Health Advice



Battling brain fog

By Michael Roizen, M.D. and Mehmet Oz, M.D. on

In 1952, London was paralyzed for five days with a superfog that held in sulfurous coal-burning pollution from homes and offices, making it impossible in some parts of town to see your feet as you walked (and coughed) down the street. But the brain fog that often accompanies chronic illnesses like obesity, heart disease, dementia, depression and diabetes isn't some passing haze. Far too often for far too many, it becomes a persistent challenge to focus on daily tasks or work-related demands.

Now researchers think they know why: inflammation. According to a study published in the journal NeuroImage, when your body battles a chronic disease, your immune system becomes too revved up and produces excess inflammation. That negatively affects neural networks in the brain that have a unique sensitivity to inflammation. As a result, they cannot properly help you become and stay alert to what's happening around you.

So, adopting an anti-inflammatory regimen and sticking with it may help lift your brain fog. Here's how:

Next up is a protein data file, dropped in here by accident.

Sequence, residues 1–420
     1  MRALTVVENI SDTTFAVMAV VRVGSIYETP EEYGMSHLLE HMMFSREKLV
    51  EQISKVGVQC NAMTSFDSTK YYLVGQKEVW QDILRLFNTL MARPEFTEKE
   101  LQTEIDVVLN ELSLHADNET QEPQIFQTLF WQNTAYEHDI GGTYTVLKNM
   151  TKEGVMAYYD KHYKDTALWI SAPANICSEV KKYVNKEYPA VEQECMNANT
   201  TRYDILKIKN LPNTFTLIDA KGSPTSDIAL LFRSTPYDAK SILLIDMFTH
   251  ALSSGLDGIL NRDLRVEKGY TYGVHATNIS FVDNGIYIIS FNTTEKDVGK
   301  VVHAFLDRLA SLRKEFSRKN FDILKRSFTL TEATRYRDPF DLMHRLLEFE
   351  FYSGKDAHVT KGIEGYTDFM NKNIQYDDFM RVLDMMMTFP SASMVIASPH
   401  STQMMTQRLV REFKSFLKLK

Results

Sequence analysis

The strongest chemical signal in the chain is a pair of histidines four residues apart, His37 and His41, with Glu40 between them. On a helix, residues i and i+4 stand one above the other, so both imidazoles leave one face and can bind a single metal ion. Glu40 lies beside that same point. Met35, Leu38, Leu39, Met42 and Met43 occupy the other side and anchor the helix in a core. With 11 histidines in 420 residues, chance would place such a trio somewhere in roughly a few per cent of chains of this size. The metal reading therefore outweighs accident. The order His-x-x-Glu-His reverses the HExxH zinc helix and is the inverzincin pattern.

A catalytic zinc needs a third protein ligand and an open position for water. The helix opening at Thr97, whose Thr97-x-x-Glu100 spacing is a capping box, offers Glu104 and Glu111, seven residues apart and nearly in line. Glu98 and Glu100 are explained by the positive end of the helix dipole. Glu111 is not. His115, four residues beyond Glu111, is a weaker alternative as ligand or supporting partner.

-- Eat an anti-inflammatory diet centered around the following: veggies and fruits, especially berries and cruciferous vegetables like broccoli; fish, like salmon, which has omega-3s that damp down inflammatory C-reactive protein and interleukin-6; and nuts and olive oil. Then with your doc's permission, take 900 mg of DHA omega-3 supplements daily.

-- Exercise daily. Twenty minutes of moderate aerobics reduces inflammatory proteins in the body by 5%. So every day -- not too intense or too prolonged -- make sure you break a sweat, and increase your heart rate and breathing.

-- Practice a stress-management technique, such as meditation or yoga, daily.



Mehmet Oz, M.D. is host of "The Dr. Oz Show," and Mike Roizen, M.D. is Chief Wellness Officer and Chair of Wellness Institute at Cleveland Clinic. To live your healthiest, tune into "The Dr. Oz Show" or visit

(c) 2019 Michael Roizen, M.D. and Mehmet Oz, M.D.

Distributed by King Features Syndicate, Inc.

(c) 2019 Michael Roizen, M.D. and Mehmet Oz, M.D. Distributed by King Features Syndicate, Inc.


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